Seoul (AsiaNews/Agencies) - The main opposition parties in South Korea have begun withdrawing from parliament, which they have occupied for about ten days in protest against the provisions supported by the government and majority parties.
The decision was made following the announcement yesterday by Kim Hyong-o, president of the national assembly, in which he guaranteed that no coercion will be used to force parliament to vote on the proposed laws.
The leaders of the Democrat Party (DP) have said that they are willing to open negotiations with the Grand National Party (GNP), in order to reach a compromise on the most controversial measures, first among them the free trade agreement with the United States. Signed by presidents Lee Myung-bak and George W. Bush, it is at the origin of the protest campaign that broke out in the country starting last May. The agreement must be ratified by parliament before going into effect: the opposition is asking for a revision of the text, while the governing party is reiterating its importance for giving a new impulse to the national economy.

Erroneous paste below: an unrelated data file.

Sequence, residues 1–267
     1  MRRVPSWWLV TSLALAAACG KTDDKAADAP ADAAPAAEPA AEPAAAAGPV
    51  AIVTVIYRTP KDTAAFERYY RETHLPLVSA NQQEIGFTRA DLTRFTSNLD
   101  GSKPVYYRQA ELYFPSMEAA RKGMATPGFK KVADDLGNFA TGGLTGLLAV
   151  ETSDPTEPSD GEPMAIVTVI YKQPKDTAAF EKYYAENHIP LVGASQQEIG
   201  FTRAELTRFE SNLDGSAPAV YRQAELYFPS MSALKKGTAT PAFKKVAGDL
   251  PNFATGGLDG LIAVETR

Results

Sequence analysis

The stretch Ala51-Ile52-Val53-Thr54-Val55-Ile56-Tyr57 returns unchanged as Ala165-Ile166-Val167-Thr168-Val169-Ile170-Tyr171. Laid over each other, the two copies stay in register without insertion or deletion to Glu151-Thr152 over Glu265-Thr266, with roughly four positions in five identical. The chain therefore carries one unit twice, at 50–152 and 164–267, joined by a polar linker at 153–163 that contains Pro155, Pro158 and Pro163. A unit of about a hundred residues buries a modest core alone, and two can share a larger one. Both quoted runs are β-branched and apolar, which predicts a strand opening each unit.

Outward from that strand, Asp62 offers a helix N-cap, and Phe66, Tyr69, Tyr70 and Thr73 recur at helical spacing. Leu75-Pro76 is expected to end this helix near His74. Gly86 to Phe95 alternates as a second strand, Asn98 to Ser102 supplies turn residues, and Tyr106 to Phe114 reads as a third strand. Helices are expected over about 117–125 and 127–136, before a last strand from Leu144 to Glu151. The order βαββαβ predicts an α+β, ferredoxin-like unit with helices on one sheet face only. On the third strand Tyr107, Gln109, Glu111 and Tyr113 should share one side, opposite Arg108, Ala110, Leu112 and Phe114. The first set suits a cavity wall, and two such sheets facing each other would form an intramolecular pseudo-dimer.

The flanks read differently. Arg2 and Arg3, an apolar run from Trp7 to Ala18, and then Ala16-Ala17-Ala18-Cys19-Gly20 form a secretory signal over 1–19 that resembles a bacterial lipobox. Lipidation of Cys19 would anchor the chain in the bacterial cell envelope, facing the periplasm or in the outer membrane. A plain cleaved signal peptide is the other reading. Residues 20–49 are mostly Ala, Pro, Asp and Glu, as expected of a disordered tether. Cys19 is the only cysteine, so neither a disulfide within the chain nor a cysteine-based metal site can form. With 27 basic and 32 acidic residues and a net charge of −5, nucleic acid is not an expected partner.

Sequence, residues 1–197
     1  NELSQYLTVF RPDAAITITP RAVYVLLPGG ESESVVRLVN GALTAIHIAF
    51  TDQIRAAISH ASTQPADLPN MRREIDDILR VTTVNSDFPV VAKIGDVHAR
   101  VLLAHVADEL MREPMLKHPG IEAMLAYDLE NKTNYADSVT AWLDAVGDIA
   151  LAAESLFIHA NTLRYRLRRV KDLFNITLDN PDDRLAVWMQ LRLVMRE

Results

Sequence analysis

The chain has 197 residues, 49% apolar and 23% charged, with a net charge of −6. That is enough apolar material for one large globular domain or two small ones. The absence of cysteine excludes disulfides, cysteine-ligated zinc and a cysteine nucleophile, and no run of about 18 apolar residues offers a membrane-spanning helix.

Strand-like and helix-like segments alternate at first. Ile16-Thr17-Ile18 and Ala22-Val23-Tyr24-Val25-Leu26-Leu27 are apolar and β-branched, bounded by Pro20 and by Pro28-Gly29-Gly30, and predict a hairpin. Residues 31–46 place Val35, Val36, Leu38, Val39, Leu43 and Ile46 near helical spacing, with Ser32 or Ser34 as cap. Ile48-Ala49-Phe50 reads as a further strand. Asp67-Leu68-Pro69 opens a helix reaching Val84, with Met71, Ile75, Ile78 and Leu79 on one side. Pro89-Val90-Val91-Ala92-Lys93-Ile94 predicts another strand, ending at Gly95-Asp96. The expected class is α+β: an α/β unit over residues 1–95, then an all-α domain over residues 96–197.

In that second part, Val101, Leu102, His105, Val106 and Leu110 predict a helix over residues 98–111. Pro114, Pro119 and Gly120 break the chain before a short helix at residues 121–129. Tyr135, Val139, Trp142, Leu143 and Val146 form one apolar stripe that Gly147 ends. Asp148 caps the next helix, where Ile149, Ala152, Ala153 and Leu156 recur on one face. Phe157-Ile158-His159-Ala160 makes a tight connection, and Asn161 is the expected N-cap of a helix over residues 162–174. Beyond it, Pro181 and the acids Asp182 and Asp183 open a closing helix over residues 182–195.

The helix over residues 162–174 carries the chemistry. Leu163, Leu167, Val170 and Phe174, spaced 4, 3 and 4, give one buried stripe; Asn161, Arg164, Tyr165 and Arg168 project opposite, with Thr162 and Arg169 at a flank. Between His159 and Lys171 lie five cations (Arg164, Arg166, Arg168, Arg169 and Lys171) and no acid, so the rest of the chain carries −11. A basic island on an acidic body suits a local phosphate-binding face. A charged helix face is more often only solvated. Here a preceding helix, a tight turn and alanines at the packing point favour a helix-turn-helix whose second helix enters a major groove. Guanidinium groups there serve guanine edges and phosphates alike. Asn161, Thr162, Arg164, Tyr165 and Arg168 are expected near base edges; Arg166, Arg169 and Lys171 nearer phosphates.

This morning, representatives of the opposition removed the barricades set in front of the exit, but the occupation of the parliament hall continues. Over the past three days, there have been violent clashes between security forces and demonstrators, at the end of which 53 agents and two members of the opposition were injured. The police have arrested 19 members of the Democratic Labor Party, under the accusation of violence.
The parliamentary crisis is just the latest of many episodes marking the political life of South Korea, characterized by internal tensions, public protests, and an intensification of the crisis with the North Korean regime: over New Year's Eve, more than 100,000 people demonstrated against the "vicious laws" supported by the government of president Lee Myung-bak, accused of pulling the country in an anti-democratic direction. The "vicious laws" concern, in particular, freedom of the media, the management of security services, and the new method for admission to all levels of education, called the ilje gosa, which according to many teachers and families is discriminatory.